# Ordinary Differential Equations/Isoclines 1

## Isoclines

An isocline uses another way to eliminate a variable. Instead of calculating y', we set it equal to a constant. Then we solve for y and graph the resulting equation. Frequently you'll see several different constants superimposed onto one graph, so you can see how different values compare.

Isocline is derived from the Greek words for same slope. An isocline is a line which joins neighbouring points with the same gradient, much like a contour line on a map joins all neighbouring points of the same height. What this means is that the isocline represents what happens to a point on the solution curve when the boundary conditions are changed, i.e how the solutions change when C is changed. When we consider many isoclines, it can help us to understand how the solutions "morph" on to each other as C changes.

### Example 1: y'=f(x)

When the derivative of the dependent variable is set equal to a function of the independent variable, so

${\frac {dy}{dx}}=f(x),$

then the slope of the solution depends only on x. This means that the slope field of the DE will change only left to right - the slope will not vary from a point to the point directly above or below it. This can be seen in Fig. 1, showing the slope field of

${\frac {dy}{dx}}=x$

and some solutions. As you can see, the different solutions corresponding to different values of C lie directly above and below each other. The isoclines of this DE are given by setting y' equal to a constant:

${\frac {dy}{dx}}=k$

From the original DE, we now have:

$x=k\,$

Fig. 2 shows a set of isoclines corresponding to a range of k superimposed on Fig 1. We can see that these are vertical lines. This means that the locus of a point on a solution curve will be the corresponding isocline as C varies. Therefore, as C varies, a point on the solution curve will move vertically up and down, and so the entire curve will move up and down. There is, however, no guarantee that all points will move an equal amount for the same change in C.

The isoclines are vertical for all differential equations of the form

${\frac {dy}{dx}}=f(x).$

### Example 2: y'=f(y)

A similar property is seen in DEs of the form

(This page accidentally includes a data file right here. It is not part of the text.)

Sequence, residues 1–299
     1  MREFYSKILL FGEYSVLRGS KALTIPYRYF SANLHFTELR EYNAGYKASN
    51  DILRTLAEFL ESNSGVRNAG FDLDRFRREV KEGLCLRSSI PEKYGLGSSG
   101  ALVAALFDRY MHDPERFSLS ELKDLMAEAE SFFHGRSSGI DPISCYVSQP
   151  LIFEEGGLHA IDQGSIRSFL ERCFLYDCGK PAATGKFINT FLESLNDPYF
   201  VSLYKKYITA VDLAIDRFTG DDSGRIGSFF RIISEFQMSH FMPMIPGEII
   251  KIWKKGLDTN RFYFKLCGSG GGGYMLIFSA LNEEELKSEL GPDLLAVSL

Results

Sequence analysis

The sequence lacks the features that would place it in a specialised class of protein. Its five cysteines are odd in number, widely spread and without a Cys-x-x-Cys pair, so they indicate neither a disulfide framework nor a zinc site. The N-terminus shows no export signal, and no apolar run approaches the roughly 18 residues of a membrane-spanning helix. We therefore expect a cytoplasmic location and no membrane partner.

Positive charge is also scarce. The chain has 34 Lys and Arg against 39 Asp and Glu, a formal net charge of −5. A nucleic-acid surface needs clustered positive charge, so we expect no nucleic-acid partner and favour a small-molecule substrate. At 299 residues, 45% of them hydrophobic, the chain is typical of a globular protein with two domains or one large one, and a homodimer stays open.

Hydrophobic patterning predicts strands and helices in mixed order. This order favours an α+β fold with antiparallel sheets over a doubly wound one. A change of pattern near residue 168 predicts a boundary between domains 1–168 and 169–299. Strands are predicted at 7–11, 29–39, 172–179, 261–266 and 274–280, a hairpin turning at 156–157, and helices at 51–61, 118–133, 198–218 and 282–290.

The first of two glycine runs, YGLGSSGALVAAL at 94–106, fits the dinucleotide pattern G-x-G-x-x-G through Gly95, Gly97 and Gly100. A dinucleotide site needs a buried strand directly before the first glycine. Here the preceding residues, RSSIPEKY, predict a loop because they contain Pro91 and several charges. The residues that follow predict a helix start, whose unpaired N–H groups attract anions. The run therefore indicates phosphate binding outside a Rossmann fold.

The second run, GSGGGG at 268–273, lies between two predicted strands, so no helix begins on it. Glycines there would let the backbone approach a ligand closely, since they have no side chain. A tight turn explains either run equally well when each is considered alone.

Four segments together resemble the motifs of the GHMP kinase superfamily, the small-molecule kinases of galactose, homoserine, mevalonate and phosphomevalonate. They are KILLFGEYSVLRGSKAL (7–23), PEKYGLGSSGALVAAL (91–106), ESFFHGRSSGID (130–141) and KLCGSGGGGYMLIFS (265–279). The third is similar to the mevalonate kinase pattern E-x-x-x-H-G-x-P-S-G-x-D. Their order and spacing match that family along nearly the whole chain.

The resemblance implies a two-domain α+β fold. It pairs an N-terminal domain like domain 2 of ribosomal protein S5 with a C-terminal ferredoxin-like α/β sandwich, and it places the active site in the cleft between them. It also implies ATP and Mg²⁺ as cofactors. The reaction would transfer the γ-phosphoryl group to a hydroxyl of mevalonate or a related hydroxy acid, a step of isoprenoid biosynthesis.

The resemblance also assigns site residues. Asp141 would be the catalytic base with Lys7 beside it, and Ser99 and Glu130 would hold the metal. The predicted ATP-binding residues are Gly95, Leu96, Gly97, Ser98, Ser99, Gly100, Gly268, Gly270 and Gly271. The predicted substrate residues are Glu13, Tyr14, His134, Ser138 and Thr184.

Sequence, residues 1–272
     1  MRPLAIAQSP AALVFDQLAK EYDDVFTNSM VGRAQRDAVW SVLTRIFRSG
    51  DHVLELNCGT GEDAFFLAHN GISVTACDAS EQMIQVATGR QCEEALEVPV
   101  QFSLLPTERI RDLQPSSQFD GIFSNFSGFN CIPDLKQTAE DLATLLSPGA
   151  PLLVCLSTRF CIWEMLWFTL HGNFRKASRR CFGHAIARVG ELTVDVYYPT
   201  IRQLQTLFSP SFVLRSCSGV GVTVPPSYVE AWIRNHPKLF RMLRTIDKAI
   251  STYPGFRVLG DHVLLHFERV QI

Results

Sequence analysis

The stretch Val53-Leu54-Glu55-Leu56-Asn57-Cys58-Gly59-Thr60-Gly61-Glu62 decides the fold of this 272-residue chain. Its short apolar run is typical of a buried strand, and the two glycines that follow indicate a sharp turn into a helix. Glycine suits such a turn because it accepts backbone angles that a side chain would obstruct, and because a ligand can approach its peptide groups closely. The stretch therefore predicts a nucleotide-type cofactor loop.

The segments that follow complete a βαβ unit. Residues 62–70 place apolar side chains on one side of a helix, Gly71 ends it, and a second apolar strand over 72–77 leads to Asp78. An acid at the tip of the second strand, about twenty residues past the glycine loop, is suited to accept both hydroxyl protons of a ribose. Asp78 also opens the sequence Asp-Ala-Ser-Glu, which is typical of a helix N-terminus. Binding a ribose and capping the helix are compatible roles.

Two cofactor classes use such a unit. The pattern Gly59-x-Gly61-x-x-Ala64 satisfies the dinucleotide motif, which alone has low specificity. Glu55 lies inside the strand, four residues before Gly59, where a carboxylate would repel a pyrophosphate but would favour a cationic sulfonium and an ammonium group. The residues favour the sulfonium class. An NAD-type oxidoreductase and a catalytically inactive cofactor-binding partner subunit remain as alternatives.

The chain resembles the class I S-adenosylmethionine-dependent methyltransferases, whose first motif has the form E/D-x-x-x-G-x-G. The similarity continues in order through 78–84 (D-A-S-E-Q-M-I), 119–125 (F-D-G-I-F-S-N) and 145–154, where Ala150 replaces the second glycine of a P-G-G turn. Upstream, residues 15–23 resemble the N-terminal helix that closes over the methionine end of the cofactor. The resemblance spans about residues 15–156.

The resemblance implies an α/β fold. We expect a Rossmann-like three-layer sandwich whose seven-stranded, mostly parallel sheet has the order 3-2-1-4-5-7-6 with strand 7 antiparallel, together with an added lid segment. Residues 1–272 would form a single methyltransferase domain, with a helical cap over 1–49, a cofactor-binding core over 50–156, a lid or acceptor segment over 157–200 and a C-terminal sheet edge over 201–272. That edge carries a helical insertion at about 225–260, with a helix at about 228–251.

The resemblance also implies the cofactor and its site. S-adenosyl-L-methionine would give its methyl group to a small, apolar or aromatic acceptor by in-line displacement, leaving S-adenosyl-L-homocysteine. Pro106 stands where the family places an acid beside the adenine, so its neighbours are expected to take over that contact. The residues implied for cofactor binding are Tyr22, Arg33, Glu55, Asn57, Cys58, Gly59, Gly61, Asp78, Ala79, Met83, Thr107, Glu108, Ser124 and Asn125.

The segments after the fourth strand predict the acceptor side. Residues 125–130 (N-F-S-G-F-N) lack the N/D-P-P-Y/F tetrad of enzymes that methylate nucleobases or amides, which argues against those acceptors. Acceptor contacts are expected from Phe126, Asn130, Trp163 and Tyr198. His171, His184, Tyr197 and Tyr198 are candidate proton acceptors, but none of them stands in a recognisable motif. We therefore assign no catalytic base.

${\frac {dy}{dx}}=f(y),$

but the isoclines are horizontal. This is because the gradient of the solution is independent of the value of the x. For example, consider the solutions of

${\frac {dy}{dx}}=y,$

The solutions and the slope field of this DE are shown in Fig. 3. The isoclines are given by:

${\frac {dy}{dx}}=k$

From the original DE, we now have:

$y=k.\,$

A set of these are superimposed in Fig. 4. One can easily see that all solutions are just left-right translations of other solutions. By changing C, the solutions are moved side to side. However, the amount that they are moved is not linear for a linear change in C, and shown by the increasing spacings of the red curves. This information is not conveyed by the isoclines.

Horizontal isoclines are shared by all DEs of the form

${\frac {dy}{dx}}=f(y).$

### Example 3: y'=f(x,y)

The last possible kind of isocline is that belonging to the DE of the form

${\frac {dy}{dx}}=f(x,y).$

There is no catch-all rule for these like there is for the previous two examples, but the isoclines are still easily computed.

Consider the DE

${\frac {dy}{dx}}=xy$

The isoclines are given by the equation

$xy=k,\,$

Isoclines of various values of k are plotted in Fig. 6. You can see from this that a point of the solution curve will tend vertically towards and horizontally away from the origin (or vice versa, for C changing the other way). This means that the solutions will become increasingly flat-bottomed/topped and wide or narrow and pointed as C changes.

The shape of the isoclines for this kind of DE depends on the original equation.